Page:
Now, the rest of the story.....I named her Linda. It seemed like a fitting name, because I knew a Linda of similar build back in high school. So Linda lives in my gear closet and comes out and poses for me whenever I need her to, without ever complaining or getting old, and she has done this for about 5 years now. When I get tired of seeing her in the same dress for several months I do put a different dress on on her, just for her to be different.

Now the "Dark Side" of getting your own "plastic woman". I only needed a human form that was dressed in a nice outfit to pose for me. When I stopped asking my wife to pose, she wasn't real happy with my idea of me getting a plastic replacement for her, but when I was no longer pestering her to pose for me, she decided that having this plastic woman upstairs wasn't so bad after all.

Then, all of a sudden additional nice dresses and shoes, and even some new wigs started showing up in my gear closet for Linda. I only needed one outfit, but now there were more, and more. The different wigs made Linda look so different that I began naming each a different woman's name (Linda has sisters, but only 1 body). I then discovered that my wife and her neighbor friend had started shopping the thrift shops for Linda and her sisters, and coming back with some really nice outfits. So Linda was filling my gear closet with her wardrobe, and she wasn't even leaving my studio to do it. I finally managed to put a stop to this, but now 1/2 of one side of my 6' X 10' walk-in closet is now occupied by Linda and her sister's wardrobe.

When I get the chance, and very soon, at least half of this wardrobe is going back to the thrift stores, because my photo gear is no longer fitting in there. Having a mannequin is very handy for experimenting with lights and cameras, but be careful about what your wife might do. I probably should have bought a male mannequin, but Linda seemed like the better choice for the job. She does brighten the atmosphere in my studio a bit. It took me a while to get used to a pretty woman standing behind me while I type on the computer though.

I just thought that I should warn you about all this.

Charley



Apr 13, 2024 at 09:22 PM
Fred Amico
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p.1 #8 · p.1 #8 · LED Studio lights for portraits and headshots?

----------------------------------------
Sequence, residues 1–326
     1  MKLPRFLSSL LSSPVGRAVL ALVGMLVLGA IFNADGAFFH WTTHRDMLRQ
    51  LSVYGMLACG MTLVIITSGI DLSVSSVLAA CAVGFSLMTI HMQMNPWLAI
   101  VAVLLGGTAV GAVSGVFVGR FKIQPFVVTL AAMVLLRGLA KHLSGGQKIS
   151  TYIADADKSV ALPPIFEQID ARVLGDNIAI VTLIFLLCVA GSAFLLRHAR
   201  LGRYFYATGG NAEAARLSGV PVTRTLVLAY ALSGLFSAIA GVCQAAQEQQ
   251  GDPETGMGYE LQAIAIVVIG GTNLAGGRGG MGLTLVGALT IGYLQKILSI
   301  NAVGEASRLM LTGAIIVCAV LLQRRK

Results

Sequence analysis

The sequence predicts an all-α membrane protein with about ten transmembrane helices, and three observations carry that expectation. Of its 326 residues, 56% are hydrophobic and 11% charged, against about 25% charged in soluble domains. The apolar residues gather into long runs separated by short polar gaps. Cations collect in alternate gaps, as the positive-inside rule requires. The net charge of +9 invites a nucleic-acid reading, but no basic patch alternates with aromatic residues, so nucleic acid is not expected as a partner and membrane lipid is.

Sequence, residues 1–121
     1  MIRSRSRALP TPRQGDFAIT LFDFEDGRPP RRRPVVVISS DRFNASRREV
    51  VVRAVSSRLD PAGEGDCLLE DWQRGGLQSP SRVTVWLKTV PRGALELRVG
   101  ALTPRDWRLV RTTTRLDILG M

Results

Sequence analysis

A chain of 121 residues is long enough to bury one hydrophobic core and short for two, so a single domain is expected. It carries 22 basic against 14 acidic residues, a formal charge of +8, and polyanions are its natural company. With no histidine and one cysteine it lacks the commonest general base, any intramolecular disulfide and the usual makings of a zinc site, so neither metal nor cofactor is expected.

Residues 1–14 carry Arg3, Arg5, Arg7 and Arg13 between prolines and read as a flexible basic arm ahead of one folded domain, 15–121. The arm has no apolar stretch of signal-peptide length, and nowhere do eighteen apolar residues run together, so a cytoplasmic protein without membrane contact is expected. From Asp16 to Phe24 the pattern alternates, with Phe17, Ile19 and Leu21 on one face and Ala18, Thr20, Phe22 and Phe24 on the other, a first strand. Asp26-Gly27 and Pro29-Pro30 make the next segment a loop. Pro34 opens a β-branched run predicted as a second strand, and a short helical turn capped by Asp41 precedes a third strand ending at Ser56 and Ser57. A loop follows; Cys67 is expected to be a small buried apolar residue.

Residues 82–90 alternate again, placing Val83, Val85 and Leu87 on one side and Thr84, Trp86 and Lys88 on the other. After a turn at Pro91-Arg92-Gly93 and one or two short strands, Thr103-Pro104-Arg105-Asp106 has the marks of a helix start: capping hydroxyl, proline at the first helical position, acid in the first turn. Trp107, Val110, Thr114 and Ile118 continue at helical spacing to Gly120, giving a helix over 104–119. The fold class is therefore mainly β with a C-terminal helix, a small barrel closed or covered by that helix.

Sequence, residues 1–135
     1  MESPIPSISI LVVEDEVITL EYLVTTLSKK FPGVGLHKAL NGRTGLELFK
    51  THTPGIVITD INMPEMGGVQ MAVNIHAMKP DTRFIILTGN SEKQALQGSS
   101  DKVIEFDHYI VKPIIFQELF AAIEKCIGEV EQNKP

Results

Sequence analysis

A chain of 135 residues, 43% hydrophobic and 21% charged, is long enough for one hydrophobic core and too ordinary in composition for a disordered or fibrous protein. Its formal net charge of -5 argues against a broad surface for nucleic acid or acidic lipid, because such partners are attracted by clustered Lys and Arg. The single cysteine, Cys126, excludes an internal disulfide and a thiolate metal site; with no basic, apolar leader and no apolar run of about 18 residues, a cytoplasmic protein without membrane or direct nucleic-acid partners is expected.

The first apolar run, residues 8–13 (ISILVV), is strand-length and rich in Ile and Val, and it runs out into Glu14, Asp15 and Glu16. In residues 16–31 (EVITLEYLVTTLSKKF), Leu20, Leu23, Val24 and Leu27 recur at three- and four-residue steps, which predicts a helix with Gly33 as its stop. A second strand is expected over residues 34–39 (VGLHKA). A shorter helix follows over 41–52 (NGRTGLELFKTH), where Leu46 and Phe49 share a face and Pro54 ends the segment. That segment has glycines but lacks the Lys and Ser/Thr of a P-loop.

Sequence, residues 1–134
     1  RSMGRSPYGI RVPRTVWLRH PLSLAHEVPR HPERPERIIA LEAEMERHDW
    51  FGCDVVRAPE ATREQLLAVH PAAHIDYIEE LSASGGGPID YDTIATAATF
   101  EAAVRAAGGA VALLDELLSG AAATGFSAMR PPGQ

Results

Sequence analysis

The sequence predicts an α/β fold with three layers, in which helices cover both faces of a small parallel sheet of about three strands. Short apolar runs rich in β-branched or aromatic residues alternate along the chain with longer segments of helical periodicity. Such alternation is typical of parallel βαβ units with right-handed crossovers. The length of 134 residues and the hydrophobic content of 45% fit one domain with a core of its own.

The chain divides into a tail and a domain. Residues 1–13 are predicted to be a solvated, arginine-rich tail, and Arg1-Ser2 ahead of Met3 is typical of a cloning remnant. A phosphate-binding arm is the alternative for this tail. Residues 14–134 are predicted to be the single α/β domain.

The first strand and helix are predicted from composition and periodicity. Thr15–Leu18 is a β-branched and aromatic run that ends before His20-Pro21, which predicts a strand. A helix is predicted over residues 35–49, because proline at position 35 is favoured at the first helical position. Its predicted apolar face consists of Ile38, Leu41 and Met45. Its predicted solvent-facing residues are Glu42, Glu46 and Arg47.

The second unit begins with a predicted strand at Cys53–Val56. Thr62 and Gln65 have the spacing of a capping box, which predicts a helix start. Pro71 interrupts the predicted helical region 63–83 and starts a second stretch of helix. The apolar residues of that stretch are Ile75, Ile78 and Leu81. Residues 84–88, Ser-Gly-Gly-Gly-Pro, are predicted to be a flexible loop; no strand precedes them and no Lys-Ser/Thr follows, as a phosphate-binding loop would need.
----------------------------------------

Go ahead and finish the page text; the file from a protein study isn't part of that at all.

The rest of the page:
CharleyL wrote:
........................

Now, the rest of the story.....I named her Linda. It seemed like a fitting name, because I knew a Linda of similar build back in high school. So Linda lives in my gear closet and comes out and poses for me whenever I need her to, without ever complaining or getting old, and she has done this for about 5 years now. When I get tired of seeing her in the same dress for several months I do put a different dress on on her, just for her to be different.

Now the "Dark Side" of getting your own "plastic woman".
...Show more

I'm not a portrait/studio shooter Charley, but just happened to read your reply and wanted to thank you. I got a great laugh reading about Linda's story and wardrobe expansion!



Apr 13, 2024 at 10:48 PM
 


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gregfountain
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p.1 #9 · p.1 #9 · LED Studio lights for portraits and headshots?


Fred Amico wrote:
I'm not a portrait/studio shooter Charley, but just happened to read your reply and wanted to thank you. I got a great laugh reading about Linda's story and wardrobe expansion!


, me too Fred. Reminds me of the movie "Mannequin." Anyway, thanks for the story Charley, and my wife is a hair stylist with dozens of mannequin heads, so I'll at lead be able to check lighting for head shots.

As for the lights themselves, I'm leaning towards flashpoint Explore 600 Pro's plus a smaller, 400ws head for the background. Just reading and watching reviews, but so far they seem like a legit kit.



Apr 15, 2024 at 12:47 PM
story_teller
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p.1 #10 · p.1 #10 · LED Studio lights for portraits and headshots?


gregfountain wrote:
, me too Fred. Reminds me of the movie "Mannequin." Anyway, thanks for the story Charley, and my wife is a hair stylist with dozens of mannequin heads, so I'll at lead be able to check lighting for head shots.

As for the lights themselves, I'm leaning towards flashpoint Explore 600 Pro's plus a smaller, 400ws head for the background. Just reading and watching reviews, but so far they seem like a legit kit.


Youíll also have more shooting flexibility with strobes vs LEDís such as the ability to do shutter drag, etc. Strobes also give you a lot of flexibility with on-location shooting.I think you made the right choice.



Apr 15, 2024 at 01:12 PM
aCuria
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p.1 #11 · p.1 #11 · LED Studio lights for portraits and headshots?


gregfountain wrote:
, me too Fred. Reminds me of the movie "Mannequin." Anyway, thanks for the story Charley, and my wife is a hair stylist with dozens of mannequin heads, so I'll at lead be able to check lighting for head shots.

As for the lights themselves, I'm leaning towards flashpoint Explore 600 Pro's plus a smaller, 400ws head for the background. Just reading and watching reviews, but so far they seem like a legit kit.